Essential Tips for Travelling in Australia’s Outback

by rplzzz

Despite tourists’ preference for Australia’s scenic coastline and magnificent beaches, the interior of the continent – a vast area of semi-deserts, also known as the ‘Australian outback’, has a lot to offer to the more daring of tourists. The so called ‘deserts’ are hiding many treasures, from indigenous villages and sacred places to unique animal and plant species and natural monuments such as the famous Rock of Uluru. With a few essential tips for travelling in Australia’s outback in your pocket, this fascinating side of Australia will be ready to reveal its secrets to you:

When to go

As the Australian outback is the size of a continent, it’s difficult to say which exactly is the best time to travel. However, summers in the desert can become unbearable, so summer months should be avoided (this roughly corresponds with the European winter). Spring and autumn months are probably the ones with the most stable and pleasant weather.

Transportation

by GOC53

Before starting your adventure into the Australian outback, it’s essential tu ask yourself how far are you willing to go. Reaching attractions like Uluru which are close to the centre of the continent usually implies 4×4 vehicle renting. Using a professional tour guide is always recommended: the desert might seem uninhabited but it doesn’t lack dangers. Hiking and trekking are also popular attractions, and with overnight camping such bushwalking trips can last for weeks.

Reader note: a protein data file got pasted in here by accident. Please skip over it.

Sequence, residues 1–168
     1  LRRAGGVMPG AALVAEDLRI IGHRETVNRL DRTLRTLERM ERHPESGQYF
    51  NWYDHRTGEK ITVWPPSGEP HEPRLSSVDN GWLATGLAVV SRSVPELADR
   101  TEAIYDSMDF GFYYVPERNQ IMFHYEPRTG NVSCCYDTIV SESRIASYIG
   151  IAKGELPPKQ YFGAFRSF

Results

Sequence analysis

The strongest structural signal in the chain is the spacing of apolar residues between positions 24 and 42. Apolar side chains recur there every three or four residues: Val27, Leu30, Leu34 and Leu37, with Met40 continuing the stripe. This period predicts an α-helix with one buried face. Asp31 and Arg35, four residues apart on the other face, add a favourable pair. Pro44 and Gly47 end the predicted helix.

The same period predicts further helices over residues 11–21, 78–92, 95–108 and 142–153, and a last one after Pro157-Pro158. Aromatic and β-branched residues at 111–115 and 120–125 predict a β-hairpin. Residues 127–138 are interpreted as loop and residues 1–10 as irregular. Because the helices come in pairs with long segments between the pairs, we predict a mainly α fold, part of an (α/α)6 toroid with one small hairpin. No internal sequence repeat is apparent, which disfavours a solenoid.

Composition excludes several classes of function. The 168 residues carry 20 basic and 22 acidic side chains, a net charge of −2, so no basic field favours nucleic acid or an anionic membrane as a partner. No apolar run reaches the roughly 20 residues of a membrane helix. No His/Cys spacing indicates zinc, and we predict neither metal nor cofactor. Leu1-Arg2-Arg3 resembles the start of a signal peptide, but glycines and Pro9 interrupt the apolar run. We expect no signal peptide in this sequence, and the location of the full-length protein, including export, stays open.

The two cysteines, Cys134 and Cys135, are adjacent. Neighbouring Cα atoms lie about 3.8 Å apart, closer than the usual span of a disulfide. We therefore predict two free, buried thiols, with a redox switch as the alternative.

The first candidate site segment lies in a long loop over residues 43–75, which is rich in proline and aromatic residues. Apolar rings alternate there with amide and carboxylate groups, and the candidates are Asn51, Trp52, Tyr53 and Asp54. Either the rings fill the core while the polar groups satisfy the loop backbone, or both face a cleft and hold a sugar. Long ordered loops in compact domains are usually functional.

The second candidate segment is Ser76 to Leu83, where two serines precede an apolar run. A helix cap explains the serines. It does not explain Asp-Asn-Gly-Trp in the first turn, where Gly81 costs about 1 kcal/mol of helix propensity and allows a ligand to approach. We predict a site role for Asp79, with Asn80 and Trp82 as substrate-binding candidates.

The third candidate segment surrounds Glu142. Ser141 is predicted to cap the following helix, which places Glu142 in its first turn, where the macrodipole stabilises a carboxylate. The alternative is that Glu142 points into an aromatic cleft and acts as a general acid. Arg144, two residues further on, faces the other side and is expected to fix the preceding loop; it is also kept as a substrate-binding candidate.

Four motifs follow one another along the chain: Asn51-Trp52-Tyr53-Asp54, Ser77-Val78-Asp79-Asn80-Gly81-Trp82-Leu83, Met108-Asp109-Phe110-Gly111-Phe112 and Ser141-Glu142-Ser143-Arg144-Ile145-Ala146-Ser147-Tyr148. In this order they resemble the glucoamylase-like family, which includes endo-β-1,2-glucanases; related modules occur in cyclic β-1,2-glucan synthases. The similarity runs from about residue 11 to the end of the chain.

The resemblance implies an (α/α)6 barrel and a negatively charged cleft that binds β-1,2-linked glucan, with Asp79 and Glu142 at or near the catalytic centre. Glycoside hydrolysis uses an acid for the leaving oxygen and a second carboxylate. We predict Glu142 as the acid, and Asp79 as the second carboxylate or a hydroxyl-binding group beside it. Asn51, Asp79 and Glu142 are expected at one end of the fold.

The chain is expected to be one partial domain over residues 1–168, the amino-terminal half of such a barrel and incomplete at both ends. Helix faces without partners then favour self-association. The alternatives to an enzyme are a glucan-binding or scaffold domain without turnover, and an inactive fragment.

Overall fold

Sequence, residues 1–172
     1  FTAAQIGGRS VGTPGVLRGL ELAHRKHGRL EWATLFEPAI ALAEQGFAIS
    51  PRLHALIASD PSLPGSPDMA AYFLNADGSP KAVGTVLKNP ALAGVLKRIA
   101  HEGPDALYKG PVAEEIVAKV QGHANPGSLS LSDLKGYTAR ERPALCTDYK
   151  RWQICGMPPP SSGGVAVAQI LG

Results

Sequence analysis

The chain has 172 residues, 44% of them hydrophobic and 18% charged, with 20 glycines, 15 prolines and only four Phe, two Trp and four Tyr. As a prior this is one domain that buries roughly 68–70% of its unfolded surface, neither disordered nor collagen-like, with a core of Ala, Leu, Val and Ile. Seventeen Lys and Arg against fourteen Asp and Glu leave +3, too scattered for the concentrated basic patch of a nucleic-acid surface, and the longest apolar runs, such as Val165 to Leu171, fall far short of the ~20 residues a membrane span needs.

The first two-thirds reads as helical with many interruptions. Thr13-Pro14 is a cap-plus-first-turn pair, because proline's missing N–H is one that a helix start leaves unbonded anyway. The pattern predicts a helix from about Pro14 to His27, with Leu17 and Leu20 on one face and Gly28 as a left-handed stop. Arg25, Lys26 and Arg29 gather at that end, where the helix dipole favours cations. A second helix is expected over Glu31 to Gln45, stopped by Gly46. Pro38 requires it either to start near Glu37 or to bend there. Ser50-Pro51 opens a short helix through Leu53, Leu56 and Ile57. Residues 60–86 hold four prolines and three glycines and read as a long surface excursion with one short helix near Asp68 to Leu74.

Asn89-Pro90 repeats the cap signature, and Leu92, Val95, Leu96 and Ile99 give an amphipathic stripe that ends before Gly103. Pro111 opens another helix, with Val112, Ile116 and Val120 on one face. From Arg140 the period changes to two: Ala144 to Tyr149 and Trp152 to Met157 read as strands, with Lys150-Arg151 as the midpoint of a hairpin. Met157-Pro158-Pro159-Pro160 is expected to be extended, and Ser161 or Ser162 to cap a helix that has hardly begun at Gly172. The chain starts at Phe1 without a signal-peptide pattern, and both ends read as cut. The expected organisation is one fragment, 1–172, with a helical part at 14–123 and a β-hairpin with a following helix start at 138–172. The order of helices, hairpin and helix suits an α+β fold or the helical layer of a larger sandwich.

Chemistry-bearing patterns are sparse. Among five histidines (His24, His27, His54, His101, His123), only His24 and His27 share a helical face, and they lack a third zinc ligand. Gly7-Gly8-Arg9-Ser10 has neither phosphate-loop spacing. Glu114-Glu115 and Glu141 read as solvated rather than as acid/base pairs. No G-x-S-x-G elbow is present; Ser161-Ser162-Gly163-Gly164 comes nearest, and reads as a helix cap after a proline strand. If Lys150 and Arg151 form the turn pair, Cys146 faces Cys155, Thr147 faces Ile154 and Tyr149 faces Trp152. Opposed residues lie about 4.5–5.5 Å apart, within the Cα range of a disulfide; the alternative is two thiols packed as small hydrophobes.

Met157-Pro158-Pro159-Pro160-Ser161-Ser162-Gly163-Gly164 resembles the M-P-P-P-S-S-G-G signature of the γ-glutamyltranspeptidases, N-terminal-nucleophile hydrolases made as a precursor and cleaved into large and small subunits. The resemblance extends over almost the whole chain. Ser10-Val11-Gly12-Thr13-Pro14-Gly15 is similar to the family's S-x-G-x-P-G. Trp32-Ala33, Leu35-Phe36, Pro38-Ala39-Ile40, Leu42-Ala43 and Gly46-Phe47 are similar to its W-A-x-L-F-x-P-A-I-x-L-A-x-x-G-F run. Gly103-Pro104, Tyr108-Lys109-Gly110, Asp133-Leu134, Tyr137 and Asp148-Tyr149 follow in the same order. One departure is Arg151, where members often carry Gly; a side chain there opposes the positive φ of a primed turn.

What to see

There are plenty of things to explore in the Australian outback. Alice Springs, the main gate towards Uluru Rock and Kings Canyon, is probably the most popular destination with bushwalkers, followed by Darwin. Relatively close to Darwin you’ll find Kakadu National Park and Katherine Gorges. Another advantage of traveling on the less beaten paths of Australia is represented by the great number of beautiful and almost deserted beaches you have the chance to explore.

Hazards and precautions

by Klomiz

As I have said before the desert doesn’t lack dangers – some of the most poisonous animals on earth live in the central and north of Australia. However, poisonous snakes only attack people if they feel threatened. Even though you won’t find the Saharan sand storms in Australia, there are other, more trivial things that might jeopardize your trip. Improper equipment and dehydration are the worst enemies in this kind of environment. So make sure you always carry the proper shoes, good maps, as well as reasonable quantities of fresh water. A GPS device and extra fuel and food can do no harm.

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